Cats need comfort, food, security and safety, and now it’s time to discuss how they need to scratch and play.
Once a cat’s basic resource needs are met, we can move on to providing safe ways to meet her claw care and activity needs with a minimum amount of stress for you. Scratching and climbing are part of the essence, or “telos” (remember that word from my previous articles?), of being a cat. Scratching also conditions and sharpens your cat’s claws, which are her primary eating utensils and protective weapons, by removing old layers of the nails. Since your cat wants and needs to scratch, be sure to provide a variety of scratching posts and then teach her to use them. Until the cat can be trusted not to scratch and claw furniture, she should not be allowed unsupervised access to the house. If she has a single favorite (but inappropriate) scratching site, this may be temporarily protected by covering it with some netting or loosely woven fabric, since most cats do not like to snag their claws.
Encourage Safe Scratching
Giving your cat something safe to scratch will help ensure that she can “do her thing” without damaging your things. Try to choose scratching objects that are similar in texture and position (flat or upright) to the cat’s initial scratching targets. If your cat stretches up to scratch, provide something that is about the same height (cats often stretch and scratch after resting, so scratching objects near resting areas often get used). Put the object close to where you’ve seen your cat scratch, and be sure it is secure so she won’t be startled by it moving unexpectedly. Praising her profusely when you see her use it will let her know that this is hers to use. If you don’t already know how, learn how to clip your cat’s claws (it’s easy!), and do it regularly.
Providing places to climb and look out windows also is important in keeping indoor cats healthy and happy. Cats prefer to “look down” on their surroundings; it adds to their sense of safety.
Let “The Force” Be Gone
If your cat scratches or climbs on something you don’t want her to, she is showing you that you haven’t helped her understand what is and is not OK to use. One of the most important things to understand about cats is that they do not respond to force. Force is a form of social communication that more independent species like cats don’t understand. So while force may mean “stop that!” to us, a cat may feel and act as if her life is being threatened! Reprimands only work if you catch your cat “in the act.” Punishment that follows an action by more than a few seconds won’t stop her from doing it again and may even cause her to be afraid of you or the surroundings. It may even cause her to try to defend herself — those teeth and claws are there for a reason!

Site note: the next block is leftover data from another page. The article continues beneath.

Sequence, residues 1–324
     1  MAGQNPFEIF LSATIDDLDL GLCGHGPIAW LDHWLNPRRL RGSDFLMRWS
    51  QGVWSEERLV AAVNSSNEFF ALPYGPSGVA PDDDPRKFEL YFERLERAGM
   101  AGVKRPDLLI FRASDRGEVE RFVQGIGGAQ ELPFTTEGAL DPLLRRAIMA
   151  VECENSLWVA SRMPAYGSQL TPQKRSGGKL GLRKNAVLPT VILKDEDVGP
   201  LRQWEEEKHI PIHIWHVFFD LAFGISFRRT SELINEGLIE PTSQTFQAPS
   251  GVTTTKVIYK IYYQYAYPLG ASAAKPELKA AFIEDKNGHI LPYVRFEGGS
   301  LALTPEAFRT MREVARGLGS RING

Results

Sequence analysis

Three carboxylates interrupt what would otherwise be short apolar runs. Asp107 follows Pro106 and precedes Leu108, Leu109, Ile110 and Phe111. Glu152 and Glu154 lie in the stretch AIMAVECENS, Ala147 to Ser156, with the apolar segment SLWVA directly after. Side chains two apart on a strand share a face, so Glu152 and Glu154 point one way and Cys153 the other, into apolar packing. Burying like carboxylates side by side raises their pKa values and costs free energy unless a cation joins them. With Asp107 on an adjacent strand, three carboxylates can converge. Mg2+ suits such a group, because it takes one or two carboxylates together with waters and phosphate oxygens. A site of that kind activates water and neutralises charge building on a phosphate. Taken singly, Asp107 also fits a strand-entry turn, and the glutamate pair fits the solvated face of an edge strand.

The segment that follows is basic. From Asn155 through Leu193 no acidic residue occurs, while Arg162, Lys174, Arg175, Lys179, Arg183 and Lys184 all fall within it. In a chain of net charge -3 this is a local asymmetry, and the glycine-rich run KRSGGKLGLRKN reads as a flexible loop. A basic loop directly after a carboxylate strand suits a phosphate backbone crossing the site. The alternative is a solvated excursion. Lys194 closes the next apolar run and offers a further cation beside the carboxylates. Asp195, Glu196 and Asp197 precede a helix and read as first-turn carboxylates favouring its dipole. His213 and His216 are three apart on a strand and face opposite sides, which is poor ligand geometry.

If you do catch your cat making a mistake, rather than trying to punish her, it is better for both of you to create a distraction by making a loud noise or by throwing something (not at the cat!) that will attract her attention away from the object — but not toward you. If your cat associates the distraction as coming from you, she’ll just learn to scratch when you’re not around. As with all honored guests, cats do respond to praise and to distraction when they make a “mistake.” As soon as your cat is distracted, you can take her to a location where her behavior is OK — and then praise her for doing it there.
Let Your Couch Do the “Talking”
One of the tricks of master cat owners is to have the cat learn that her humans are the source of all good things, and let the environment handle the negative reinforcement. This is easier than it sounds. For example, if your cat is scratching a piece of furniture, let the furniture tell the cat to stop by putting some aluminum foil or double-sided tape over the scratched area and put a scratching post nearby. Make the post irresistible by including tasty treats nearby and offering plenty of praise when the cat does what you want her to do.